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Delaying probation reform hurts Pa.’s public safety and pocketbook | Opinion

Conservatives and liberals in state government want reform. Why has it stalled?

Pennsylvania State Rep. Mike Jones, of the 93rd District, attends a hearing of the Pennsylvania state Senate Majority Policy Committee in Gettysburg in November. Jones supports probation reform in the state.
Pennsylvania State Rep. Mike Jones, of the 93rd District, attends a hearing of the Pennsylvania state Senate Majority Policy Committee in Gettysburg in November. Jones supports probation reform in the state.Read moreJulio Cortez / AP

Last year, the Pennsylvania General Assembly came close to reforming the Keystone State’s broken probation system to cut costs and improve community safety. It’s time to finish the job.

In 2020, the commonwealth had 178,000 people on community supervision, a staggering 85,000 more than neighboring New York. That’s the sixth-largest probation population in the country. Roughly 1,700 of every 100,000 Pennsylvanians are on probation, 19% higher than the national average.

The causes of this pandemic of punitiveness are no mystery. Pennsylvania is one of a handful of states that doesn’t impose a cap on the length of probation sentences. In most states, the maximum period one can be put on probation is five years or fewer. The nationwide average is under two-year terms. In the commonwealth, however, judges can place people on probation for decades, even for lower-level crimes. Sentences of five, 10, or 20 years are not uncommon, as The Inquirer reported in 2019.

» READ MORE: Is probation the key to gun violence prevention? Not the way Philly is trying. | Editorial

Another culprit is “stacked” sentences. If someone is charged with two misdemeanors, each carrying a maximum five-year sentence, the judge can “stack” the terms, relegating the defendant to a decade under the thumb of the government. Judges can also extend probation for those unable to pay fines and fees. The result is a supervision system probationers describe as a kind of “Kafkaesque hell,” where the pathway to redemption grows more difficult each day.

On probation, restrictions govern every facet of daily life. Violating any can land someone back behind bars — even if the violation itself isn’t a crime. For example, curfew violations, leaving the jurisdiction, or having a drink can trigger a so-called “technical violation.” Worse yet, failing to pay restitution, fines, or fees can become a technical violation. Because being on probation means impromptu visits by probation officers, unscheduled drug tests, and other disruptions, employers are hesitant to hire probationers.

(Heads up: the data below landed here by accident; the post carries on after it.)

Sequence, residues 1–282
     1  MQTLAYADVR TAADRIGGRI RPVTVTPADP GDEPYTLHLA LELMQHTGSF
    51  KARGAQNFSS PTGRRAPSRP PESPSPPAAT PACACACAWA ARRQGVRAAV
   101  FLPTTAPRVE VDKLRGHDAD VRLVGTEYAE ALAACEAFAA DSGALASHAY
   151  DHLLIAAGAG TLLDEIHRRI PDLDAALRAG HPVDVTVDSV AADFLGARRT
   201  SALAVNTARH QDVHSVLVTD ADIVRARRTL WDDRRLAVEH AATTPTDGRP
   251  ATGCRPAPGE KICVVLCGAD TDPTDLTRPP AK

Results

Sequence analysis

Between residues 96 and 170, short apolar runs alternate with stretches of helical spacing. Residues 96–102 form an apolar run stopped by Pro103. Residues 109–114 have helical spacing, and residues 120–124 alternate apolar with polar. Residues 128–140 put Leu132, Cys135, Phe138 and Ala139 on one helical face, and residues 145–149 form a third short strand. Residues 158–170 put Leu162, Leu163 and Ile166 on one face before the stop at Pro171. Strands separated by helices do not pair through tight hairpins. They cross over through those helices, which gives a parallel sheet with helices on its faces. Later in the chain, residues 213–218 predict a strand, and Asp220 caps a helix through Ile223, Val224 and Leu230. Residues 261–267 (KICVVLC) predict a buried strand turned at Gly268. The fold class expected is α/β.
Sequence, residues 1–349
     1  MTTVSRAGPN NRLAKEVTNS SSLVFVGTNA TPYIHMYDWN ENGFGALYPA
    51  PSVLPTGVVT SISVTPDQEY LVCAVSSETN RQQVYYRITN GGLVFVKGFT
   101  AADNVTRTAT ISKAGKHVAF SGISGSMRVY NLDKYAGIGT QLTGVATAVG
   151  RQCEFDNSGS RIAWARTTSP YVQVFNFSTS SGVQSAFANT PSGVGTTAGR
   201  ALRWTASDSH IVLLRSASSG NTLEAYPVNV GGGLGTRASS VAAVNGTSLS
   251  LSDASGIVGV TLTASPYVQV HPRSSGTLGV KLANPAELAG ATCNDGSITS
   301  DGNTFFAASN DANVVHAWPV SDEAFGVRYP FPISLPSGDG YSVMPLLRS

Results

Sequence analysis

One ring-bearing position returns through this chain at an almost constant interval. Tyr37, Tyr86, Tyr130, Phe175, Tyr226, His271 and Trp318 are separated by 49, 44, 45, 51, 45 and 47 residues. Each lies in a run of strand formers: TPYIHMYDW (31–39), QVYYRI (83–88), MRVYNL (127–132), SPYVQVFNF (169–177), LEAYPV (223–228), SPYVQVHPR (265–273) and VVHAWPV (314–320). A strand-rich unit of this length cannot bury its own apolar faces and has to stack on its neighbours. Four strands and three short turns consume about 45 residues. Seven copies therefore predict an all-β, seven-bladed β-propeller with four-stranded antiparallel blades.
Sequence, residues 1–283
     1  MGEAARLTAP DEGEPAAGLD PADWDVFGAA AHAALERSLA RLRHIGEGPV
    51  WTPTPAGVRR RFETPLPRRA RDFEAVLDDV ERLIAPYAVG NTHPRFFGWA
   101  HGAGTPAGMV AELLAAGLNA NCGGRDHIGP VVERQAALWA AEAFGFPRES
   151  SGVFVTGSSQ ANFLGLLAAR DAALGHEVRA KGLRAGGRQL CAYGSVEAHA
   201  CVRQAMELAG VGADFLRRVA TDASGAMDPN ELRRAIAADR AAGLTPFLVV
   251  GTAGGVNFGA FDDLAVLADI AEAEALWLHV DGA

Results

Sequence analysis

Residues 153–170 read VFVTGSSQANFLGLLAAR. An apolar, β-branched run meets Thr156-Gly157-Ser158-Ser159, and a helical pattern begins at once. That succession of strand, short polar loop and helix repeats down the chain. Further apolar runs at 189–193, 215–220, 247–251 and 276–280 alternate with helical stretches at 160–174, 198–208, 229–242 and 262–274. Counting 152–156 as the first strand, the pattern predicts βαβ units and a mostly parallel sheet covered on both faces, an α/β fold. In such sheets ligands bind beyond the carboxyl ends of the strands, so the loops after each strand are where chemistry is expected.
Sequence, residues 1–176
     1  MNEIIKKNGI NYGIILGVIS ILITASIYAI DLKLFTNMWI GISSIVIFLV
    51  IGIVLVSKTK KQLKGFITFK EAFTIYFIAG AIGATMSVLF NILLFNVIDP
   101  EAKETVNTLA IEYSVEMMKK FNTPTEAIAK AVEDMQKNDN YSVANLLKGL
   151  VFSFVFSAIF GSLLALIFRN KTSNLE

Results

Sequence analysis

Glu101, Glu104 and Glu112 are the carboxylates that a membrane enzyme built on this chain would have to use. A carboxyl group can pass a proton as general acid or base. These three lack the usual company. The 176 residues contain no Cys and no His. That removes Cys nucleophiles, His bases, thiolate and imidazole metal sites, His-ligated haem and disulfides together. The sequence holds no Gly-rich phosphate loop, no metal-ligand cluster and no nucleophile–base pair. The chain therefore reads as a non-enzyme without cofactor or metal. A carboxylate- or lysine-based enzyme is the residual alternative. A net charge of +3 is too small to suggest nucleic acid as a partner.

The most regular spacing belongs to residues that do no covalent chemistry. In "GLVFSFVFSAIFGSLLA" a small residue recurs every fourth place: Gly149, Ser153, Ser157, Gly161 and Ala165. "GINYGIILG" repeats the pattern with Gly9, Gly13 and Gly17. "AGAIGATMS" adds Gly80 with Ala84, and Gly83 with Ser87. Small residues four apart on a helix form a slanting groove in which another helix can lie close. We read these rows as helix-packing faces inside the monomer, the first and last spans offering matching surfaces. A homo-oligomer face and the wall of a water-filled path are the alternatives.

Individuals on probation are required to follow a myriad of rules, find housing, and earn a living. If they fail in the slightest, they may be returned to prison — and are too often. In fact, almost 90% of reincarcerations or extended probation sentences were for technical violations. As a result of people having to walk this tightrope, one in 10 new prison admissions in Pennsylvania in 2017 were already on probation. Instead of making Pennsylvanians safer, it cost counties, the state, and ultimately taxpayers $101 million in additional incarceration costs. We can think of better uses of taxpayer money, such as fighting opioid addiction, adding police officers, or for tax cuts.

Perhaps this cost would be worth it if it served public safety, but there’s little evidence it does. In fact, data make clear that after 18 months of probation, reoffending rates drop dramatically. Worse yet, excessive probation terms are associated with increased recidivism, as being on supervision imposes barriers to finding employment, education, or housing.

Recognizing the fiscal strain this system imposes on the commonwealth — not to mention the way overly harsh supervision destroys families and hinders successful reentry — the General Assembly has been working on legislation to reform probation.

» READ MORE: How Philly, the nation’s most supervised big city, cut its probation numbers by a third

Legislation considered by the assembly last year (Senate Bill 14) would have incentivized good behavior by offering early termination of probation for those who proved capable of finding a job, obtaining education, and otherwise following the rules. The bill would have placed limits on the length of time someone can be on probation unless prosecutors can demonstrate why a longer term is needed. It would have established a set of graduated and proportional sanctions for technical violations so that probation officers and judges would have alternative ways to hold people accountable without having to return them to prison. Finally, the bill would have limited judges’ ability to jail someone because they are unable to pay their fines and fees, recognizing that no one should be incarcerated just because they lack that money.

SB 14 was hardly controversial, passing the Senate unanimously. But the legislation got caught up in inter-chamber politics and so died in the House. This year, conservative and liberal groups are working together to fix the system, with plans to introduce legislation to limit probation terms, break the supervision-to-prison pipeline, and give persons who are complying a better chance at successfully reentering society.

With COVID-19 hopefully waning, it’s time for Pennsylvania to face its other lingering epidemic: a probation system that breaks lives and the state’s budget. Politicians of all stripes should stop bickering, find common ground, and make Pennsylvanians safer.

Mike Jones represents Pennsylvania’s 93rd District, which includes York County. In 2020, he was named one of the most conservative members of the Pennsylvania General Assembly by the American Conservative Union Foundation (ACUF). David Safavian is ACUF’s general counsel.